The dating shame
It no longer seems fun and frivolous but a difficult and disappointing ordeal.
I may not be the best person to make these observations since I am happily coupled up. Of course, that isn’t to say I didn’t lust/crush after certain guys, that I didn’t ask my friends to set me up with any eligible bachelors (which never happened since no one ever seems to know any eligible bachelors) and that I didn’t occasionally bitch/whine/mope/cry about being single.
Because the effect of shame often interferes with our ability to think clearly, we may experience confusion, being at a loss for words, or a blank mind.
“Man is the only animal that blushes,” Mark Twain once said.
Not enough to date, not enough to get involved, but looking in the sense of hope that one day the right guy would just come along. On the whole though, as I decided to give dating the brush-off, I focused my life on the things I wanted to do.
Instead of dealing with men and dating and all the freakin’ baggage that came with it, I wrote scripts, traveled the world, made friends, read books, went to school.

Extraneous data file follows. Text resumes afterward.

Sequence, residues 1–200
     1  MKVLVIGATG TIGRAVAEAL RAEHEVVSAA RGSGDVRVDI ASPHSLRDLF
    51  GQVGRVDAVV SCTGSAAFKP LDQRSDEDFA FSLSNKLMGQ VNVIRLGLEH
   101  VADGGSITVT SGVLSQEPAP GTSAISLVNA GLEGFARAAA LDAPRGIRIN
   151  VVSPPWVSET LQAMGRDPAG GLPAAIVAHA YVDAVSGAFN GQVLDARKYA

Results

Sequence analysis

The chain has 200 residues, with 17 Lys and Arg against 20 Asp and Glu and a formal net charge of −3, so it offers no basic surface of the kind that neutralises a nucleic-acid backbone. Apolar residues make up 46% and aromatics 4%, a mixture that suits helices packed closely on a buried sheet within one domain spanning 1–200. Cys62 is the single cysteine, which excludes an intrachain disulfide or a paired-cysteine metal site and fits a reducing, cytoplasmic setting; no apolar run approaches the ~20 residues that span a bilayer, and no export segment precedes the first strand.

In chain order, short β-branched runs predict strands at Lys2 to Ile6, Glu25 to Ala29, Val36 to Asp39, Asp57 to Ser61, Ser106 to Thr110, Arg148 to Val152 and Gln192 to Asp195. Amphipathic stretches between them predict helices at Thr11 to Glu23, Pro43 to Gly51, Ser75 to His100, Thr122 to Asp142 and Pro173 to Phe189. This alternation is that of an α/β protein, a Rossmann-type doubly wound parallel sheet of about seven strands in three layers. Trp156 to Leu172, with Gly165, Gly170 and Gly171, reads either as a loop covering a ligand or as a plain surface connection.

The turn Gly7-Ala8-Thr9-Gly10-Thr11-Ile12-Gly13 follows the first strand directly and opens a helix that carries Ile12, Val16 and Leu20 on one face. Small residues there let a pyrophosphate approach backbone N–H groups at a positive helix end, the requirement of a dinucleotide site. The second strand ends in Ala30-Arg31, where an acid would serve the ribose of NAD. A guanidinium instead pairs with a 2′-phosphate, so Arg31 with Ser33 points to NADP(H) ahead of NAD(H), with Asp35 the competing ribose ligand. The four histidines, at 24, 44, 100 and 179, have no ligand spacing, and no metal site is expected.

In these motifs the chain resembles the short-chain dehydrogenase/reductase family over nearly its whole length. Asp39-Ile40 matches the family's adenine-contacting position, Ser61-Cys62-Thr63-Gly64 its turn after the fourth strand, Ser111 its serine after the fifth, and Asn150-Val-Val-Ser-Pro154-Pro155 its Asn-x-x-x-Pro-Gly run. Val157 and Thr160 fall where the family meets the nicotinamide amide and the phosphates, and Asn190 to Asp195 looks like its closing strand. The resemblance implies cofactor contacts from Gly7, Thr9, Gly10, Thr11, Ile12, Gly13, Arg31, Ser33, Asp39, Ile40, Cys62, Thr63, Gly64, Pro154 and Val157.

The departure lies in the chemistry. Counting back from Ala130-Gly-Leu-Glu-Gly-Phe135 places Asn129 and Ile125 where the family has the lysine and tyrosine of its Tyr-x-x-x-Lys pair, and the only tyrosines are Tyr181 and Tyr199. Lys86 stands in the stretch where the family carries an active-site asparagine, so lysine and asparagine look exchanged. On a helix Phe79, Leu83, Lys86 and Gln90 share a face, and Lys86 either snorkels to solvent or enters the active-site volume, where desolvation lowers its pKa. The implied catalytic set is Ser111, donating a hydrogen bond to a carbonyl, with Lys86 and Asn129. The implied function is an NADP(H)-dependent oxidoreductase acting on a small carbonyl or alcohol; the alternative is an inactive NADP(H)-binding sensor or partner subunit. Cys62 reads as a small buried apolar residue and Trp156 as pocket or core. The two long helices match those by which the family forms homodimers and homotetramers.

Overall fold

Shame often runs our lives and undermines our relationships, but we often keep it hidden. I felt it today when my wife reminded me of something I had said to her that was unkind. I was awash in my shame, but I tried to cover my discomfort.
I knew that I was lucky to be single to be in the prime of my life and that if I wasn’t single I couldn’t possibly do half the things I wanted to if I was coupled up (at least not with my then jaded view of dating). Now I know that there are a lot of people out there who love dating for their own reasons (if not for the fact that it can be fun and it can’t hurt to meet new people).
And I’m not saying my attitude towards it is a very popular one.
“Or needs to.” He reminds us how central shame is to the human experience.
When couples come to me for counseling, they rarely mention shame as a cause for their difficulty.